Corporation for Deposit Insurance aka CoDI: A new dawn or dusk in financial security?

South Africa
The true test of CoDI's success will lie in its ability to protect a wide range of depositors.


A recent collapse of several banks has exposed the fragility of the global banking system and spurred urgent discussions around securing depositors' funds. In response to this financial turbulence, the South African Reserve Bank (SARB) has launched the Corporation for Deposit Insurance (CoDI), offering somewhat of a lifeline to depositors in South Africa. This article delves into the general factors behind recent bank failures, the details of CoDI, and whether this new financial safety net can prevent a similar catastrophe from unfolding.

Unravelling the factors behind recent bank failures

The reasons behind the recent banking crisis, including billions withdrawn during several panic-driven bank runs, can be traced to two critical factors:

Mismanagement of deposits

The inability of the banks in question to deploy its deposits in loans to companies contributed significantly to their collapse. As they sought to increase the yield on excess deposits, they invested in long-duration assets just before interest rates started to rise, resulting in the loss of billions on their securities portfolio.

Lack of diversification

The banks' heavy investment in government bonds and other assets led to unrealised losses. The banks' high-risk approach and poor balance sheet management eroded public confidence, triggering the devastating bank runs.


CoDI: an overview

In line with the SARB's objectives to protect and enhance financial stability, the establishment of the CoDI has brought new protections for deposit holders. CoDI is a deposit insurance scheme, initiated by SARB which aims to safeguard depositors' funds in the event of a bank failure. CoDI provides coverage for individual depositors up to R100 000, ensuring that their deposits are protected during times of financial distress. 

This vital safety net shields depositors from potential losses and helps maintain public confidence in the banking system, mitigating the risk of bank runs. With the implementation of CoDI, South African deposit holders have an additional layer of security, knowing that their financial interests are better safeguarded against unforeseen banking crises. The legislation governing and detailing CoDI will come into effect  in 2024 and provide the necessary protection for depositors.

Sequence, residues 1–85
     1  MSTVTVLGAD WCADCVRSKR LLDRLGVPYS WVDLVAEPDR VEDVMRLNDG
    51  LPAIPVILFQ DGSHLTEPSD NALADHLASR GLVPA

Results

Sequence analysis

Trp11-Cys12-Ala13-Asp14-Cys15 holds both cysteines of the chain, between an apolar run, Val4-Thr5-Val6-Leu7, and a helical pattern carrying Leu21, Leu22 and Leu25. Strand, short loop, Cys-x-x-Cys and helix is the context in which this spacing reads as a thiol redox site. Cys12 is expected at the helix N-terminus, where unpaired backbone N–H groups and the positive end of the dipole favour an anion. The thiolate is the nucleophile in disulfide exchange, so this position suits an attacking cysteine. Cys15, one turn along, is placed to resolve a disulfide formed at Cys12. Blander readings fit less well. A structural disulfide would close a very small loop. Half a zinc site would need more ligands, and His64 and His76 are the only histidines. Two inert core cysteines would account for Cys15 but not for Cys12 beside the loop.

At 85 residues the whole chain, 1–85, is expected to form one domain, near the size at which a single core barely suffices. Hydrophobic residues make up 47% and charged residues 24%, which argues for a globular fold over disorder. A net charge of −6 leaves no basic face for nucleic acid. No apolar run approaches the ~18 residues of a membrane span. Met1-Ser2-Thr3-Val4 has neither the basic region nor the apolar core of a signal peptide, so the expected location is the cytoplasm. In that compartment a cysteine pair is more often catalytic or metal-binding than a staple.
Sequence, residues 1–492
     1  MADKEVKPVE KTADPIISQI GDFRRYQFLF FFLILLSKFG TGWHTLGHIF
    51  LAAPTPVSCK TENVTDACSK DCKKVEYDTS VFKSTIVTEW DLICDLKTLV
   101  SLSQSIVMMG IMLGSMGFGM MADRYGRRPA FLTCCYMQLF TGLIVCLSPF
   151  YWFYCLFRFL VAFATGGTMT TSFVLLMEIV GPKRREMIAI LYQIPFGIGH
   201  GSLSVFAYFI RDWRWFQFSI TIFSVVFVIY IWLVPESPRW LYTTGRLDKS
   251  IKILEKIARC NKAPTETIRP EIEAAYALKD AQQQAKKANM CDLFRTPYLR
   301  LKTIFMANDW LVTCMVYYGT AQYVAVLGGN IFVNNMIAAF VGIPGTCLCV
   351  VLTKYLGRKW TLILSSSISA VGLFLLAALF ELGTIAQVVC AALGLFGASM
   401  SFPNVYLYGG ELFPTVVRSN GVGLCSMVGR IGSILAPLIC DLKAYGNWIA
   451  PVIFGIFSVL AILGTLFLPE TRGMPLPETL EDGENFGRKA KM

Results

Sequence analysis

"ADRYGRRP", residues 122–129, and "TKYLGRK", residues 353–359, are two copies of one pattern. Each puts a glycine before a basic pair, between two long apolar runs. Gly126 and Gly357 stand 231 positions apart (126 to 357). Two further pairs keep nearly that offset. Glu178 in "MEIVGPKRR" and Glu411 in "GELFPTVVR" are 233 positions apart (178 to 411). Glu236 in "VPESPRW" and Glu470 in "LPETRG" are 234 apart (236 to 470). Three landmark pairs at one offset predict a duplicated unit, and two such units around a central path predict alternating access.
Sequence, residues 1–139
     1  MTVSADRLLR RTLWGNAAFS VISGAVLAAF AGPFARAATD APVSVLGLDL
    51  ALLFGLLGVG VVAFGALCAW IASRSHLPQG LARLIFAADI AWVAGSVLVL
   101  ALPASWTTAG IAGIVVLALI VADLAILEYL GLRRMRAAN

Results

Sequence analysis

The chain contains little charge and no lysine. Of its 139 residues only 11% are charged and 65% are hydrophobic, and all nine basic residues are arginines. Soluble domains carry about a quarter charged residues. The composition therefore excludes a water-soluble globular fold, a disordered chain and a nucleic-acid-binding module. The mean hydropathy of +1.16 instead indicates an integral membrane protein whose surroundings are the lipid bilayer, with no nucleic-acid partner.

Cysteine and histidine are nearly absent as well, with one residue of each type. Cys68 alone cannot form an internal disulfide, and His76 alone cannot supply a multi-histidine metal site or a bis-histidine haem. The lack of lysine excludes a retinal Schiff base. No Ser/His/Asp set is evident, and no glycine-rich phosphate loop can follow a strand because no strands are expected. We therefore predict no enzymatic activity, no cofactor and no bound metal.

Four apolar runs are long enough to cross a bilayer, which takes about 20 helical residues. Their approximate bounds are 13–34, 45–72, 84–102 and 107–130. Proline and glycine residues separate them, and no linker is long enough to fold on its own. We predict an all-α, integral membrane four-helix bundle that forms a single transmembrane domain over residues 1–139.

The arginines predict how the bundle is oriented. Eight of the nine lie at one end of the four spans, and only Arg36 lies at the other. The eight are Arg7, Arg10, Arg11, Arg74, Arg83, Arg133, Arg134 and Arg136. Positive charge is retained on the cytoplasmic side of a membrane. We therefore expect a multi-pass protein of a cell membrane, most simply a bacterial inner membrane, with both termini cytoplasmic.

Coverage and limitations

While CoDI offers crucial protection for individual depositors, the coverage limit of R100 000 raises concerns about its ability to safeguard businesses with larger cash reserves. In the event of a bank failure, businesses with significant deposits may still face considerable losses. This highlights the need for further evaluation of CoDI's coverage limitations and scope to ensure the adequate protection of both individuals and businesses. 

It is essential to note that CoDI does not cover investments or instruments such as derivatives, shares, indices, exchange traded funds, negotiable certificates of deposits, debt instruments (including bonds, debentures, and securities), annuities, insurance products, unit trusts, and repurchase agreements. These types of investments carry inherent risks that make them ineligible for protection under CoDI.

The path forward: strengthening regulations and transparency

To prevent future bank runs and collapses, regulatory bodies must enhance existing regulations and proactively address potential issues before they spiral out of control. Increased transparency from banks regarding their financial health and risk management practices is also vital in fostering trust and confidence among their customers.

While the establishment of CoDI provides a valuable safety net for individual depositors, its effectiveness in averting another similar catastrophe, particularly for businesses with larger cash reserves, remains uncertain. By continuously reassessing CoDI's coverage level and scope, implementing better regulations and transparency measures, and learning from the lessons of recent bank failures, we can work towards a more secure financial ecosystem for all.

In the end, the true test of CoDI's success will lie in its ability to protect a wide range of depositors, including individuals, small and medium-sized businesses, and non-profit organisations, while also adapting to the ever-changing financial environment. CoDI certainly has the potential to be the financial superhero, swooping in to save the day for depositors, transforming the lessons learned from the dramatic bank run saga into a brighter, more secure financial future (or not?).